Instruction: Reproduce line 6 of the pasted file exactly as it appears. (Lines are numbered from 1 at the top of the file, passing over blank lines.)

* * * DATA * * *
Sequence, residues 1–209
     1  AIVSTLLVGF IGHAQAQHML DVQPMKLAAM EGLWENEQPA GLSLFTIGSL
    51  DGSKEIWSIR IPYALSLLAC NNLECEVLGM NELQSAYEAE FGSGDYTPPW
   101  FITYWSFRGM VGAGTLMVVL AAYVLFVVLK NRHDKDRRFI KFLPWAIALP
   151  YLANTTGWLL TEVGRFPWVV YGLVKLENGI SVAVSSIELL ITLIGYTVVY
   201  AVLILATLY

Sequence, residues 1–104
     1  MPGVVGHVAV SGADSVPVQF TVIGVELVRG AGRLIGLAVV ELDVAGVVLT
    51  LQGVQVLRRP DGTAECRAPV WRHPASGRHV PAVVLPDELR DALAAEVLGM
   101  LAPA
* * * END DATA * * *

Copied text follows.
   201  AVLILATLY